slava - Fotolia

CyberSprinters game gives kids a head start, says NCSC

An online game for primary schools, clubs and youth organisations will teach children aged seven to 11 the fundamentals of staying safe online

With debate ongoing over the efficacy and legitimacy of child protection provisions contained in the government’s Online Safety Bill, the National Cyber Security Centre (NCSC) has launched a new education game for seven to 11 year-olds to help educators and youth workers teach younger children the basics of cyber security.

The free CyberSprinters game sees players race against the clock to tackle a number of cyber security questions as they bid to score points and defeat cyber criminals. It is accompanied by a set of supporting activities covering topics such as how to use and manage passwords, how to protect devices and what to do if they receive suspicious messages online.

“Children are growing up in an increasingly digital world, so it’s really important they learn about online security early on,” said Sarah Lyons, NCSC deputy director for economy and society engagement. “Our CyberSprinters game offers a fun, free, interactive way for children to understand how to make good choices to protect themselves, their devices and any online accounts.

“We encourage those working in education to make use of the new resources to help us teach the next generation how to stay safe from cyber threats.”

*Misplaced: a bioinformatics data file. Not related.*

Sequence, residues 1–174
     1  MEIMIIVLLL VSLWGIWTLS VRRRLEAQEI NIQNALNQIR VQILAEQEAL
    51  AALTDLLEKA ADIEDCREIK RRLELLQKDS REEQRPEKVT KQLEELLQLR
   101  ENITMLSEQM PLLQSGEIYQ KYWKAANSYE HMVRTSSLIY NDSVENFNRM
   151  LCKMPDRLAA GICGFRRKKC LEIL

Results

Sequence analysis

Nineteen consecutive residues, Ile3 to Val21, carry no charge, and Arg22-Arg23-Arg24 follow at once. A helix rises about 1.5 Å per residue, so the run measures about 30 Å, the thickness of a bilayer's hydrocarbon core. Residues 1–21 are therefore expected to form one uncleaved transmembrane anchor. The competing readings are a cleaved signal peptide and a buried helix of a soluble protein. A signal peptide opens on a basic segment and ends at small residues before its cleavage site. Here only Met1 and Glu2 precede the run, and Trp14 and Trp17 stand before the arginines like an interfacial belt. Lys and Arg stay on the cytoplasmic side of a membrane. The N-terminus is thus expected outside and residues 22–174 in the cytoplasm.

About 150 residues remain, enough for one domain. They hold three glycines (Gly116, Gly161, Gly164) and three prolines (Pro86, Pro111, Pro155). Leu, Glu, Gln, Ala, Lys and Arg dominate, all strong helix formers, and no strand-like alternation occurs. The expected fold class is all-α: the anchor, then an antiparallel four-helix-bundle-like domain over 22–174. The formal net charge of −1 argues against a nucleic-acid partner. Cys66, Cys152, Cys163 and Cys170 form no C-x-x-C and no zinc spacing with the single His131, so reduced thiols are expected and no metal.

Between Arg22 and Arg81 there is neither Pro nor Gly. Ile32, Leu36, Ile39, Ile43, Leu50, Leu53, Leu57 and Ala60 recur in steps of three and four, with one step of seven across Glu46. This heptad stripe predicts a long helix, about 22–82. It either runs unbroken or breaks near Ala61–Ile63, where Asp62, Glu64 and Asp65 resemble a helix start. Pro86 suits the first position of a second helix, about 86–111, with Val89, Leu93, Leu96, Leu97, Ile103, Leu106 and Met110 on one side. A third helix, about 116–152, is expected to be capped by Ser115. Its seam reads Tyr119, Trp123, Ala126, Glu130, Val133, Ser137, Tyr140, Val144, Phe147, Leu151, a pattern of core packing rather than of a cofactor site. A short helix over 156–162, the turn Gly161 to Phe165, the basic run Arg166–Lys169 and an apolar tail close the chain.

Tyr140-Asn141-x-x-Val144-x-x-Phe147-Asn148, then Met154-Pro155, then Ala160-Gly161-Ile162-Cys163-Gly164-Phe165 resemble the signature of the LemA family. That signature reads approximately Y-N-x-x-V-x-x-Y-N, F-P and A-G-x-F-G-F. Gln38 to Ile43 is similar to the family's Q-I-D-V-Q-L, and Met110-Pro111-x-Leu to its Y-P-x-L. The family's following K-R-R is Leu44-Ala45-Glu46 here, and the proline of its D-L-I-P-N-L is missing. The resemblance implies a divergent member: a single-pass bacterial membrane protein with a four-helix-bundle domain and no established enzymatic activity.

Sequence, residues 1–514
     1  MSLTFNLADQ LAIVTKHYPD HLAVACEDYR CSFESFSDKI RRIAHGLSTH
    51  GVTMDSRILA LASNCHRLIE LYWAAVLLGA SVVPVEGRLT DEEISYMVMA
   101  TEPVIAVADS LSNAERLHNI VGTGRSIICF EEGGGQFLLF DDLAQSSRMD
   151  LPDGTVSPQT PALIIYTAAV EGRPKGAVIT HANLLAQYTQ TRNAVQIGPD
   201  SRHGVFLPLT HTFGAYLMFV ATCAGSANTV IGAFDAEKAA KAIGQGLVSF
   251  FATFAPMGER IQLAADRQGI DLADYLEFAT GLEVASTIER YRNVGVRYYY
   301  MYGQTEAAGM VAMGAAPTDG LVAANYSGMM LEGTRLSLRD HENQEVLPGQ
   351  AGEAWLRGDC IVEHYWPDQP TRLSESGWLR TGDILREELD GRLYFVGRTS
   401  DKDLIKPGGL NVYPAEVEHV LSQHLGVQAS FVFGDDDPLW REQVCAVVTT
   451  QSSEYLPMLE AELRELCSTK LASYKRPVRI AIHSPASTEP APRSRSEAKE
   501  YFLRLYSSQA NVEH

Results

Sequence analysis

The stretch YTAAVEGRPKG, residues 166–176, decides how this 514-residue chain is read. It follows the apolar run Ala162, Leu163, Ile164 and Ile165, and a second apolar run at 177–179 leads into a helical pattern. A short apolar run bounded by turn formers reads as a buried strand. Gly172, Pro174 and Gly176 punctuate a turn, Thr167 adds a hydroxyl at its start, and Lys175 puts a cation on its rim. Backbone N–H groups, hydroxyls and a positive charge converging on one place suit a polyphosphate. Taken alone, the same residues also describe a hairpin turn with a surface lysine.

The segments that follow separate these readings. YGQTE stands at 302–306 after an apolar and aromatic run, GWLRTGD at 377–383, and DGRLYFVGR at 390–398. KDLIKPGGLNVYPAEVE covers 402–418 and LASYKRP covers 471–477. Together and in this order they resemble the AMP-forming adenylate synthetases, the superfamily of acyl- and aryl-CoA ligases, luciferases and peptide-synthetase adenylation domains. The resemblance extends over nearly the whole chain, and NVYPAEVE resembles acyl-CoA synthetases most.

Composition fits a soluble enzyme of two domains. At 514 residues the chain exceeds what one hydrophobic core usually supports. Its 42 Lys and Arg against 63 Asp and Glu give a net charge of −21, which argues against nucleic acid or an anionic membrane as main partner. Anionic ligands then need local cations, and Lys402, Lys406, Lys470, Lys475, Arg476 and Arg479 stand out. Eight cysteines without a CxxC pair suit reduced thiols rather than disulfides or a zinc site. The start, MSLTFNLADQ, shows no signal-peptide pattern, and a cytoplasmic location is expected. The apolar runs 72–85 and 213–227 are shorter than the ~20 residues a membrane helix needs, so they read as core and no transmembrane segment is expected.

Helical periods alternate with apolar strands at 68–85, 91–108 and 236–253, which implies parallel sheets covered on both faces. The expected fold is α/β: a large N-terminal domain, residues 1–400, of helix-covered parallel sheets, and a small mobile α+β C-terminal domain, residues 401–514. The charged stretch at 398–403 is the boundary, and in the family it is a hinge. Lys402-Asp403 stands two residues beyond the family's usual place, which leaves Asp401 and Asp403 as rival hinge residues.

The programme is specifically designed to inject cyber security topics with a little fun and interactivity at the right time to catch the attention of children who may be beginning to venture beyond so-called ‘walled gardens’ to seek more independence on the World Wide Web. Its content is ultimately based on the expert advice already collated for the NCSC’s successful Cyber Aware campaign.

The resources also support school curricula across England, Scotland, Wales and Northern Ireland, linking in with key learning objectives, but can also be used in less formal settings and at home alongside advice for parents published through the ThinkUKnow campaign, which also covers basic cyber security topics alongside advice on how to support or protect children who may be being groomed or sexually exploited online.

Children and teens aged over 11 can take advantage of the NCSC’s ongoing CyberFirst programme, which offers a range of free opportunities to learn more about cyber security, and support the possibility of pursuing a career in the field.

Read more about security in schools

Read more on Security policy and user awareness

Data Center
Data Management